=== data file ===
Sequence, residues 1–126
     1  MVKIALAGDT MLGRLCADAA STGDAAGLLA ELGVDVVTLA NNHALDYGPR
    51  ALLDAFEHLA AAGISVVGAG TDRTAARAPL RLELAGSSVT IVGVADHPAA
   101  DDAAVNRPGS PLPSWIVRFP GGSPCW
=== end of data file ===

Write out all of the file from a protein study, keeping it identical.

Sequence, residues 1–126
     1  MVKIALAGDT MLGRLCADAA STGDAAGLLA ELGVDVVTLA NNHALDYGPR
    51  ALLDAFEHLA AAGISVVGAG TDRTAARAPL RLELAGSSVT IVGVADHPAA
   101  DDAAVNRPGS PLPSWIVRFP GGSPCW